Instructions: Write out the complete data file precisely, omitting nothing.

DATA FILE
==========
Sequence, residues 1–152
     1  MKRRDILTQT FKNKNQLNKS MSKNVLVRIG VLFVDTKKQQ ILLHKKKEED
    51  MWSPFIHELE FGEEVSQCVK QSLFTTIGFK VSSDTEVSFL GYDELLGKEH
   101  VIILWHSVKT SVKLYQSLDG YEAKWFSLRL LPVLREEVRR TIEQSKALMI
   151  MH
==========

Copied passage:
Sequence, residues 1–152
     1  MKRRDILTQT FKNKNQLNKS MSKNVLVRIG VLFVDTKKQQ ILLHKKKEED
    51  MWSPFIHELE FGEEVSQCVK QSLFTTIGFK VSSDTEVSFL GYDELLGKEH
   101  VIILWHSVKT SVKLYQSLDG YEAKWFSLRL LPVLREEVRR TIEQSKALMI
   151  MH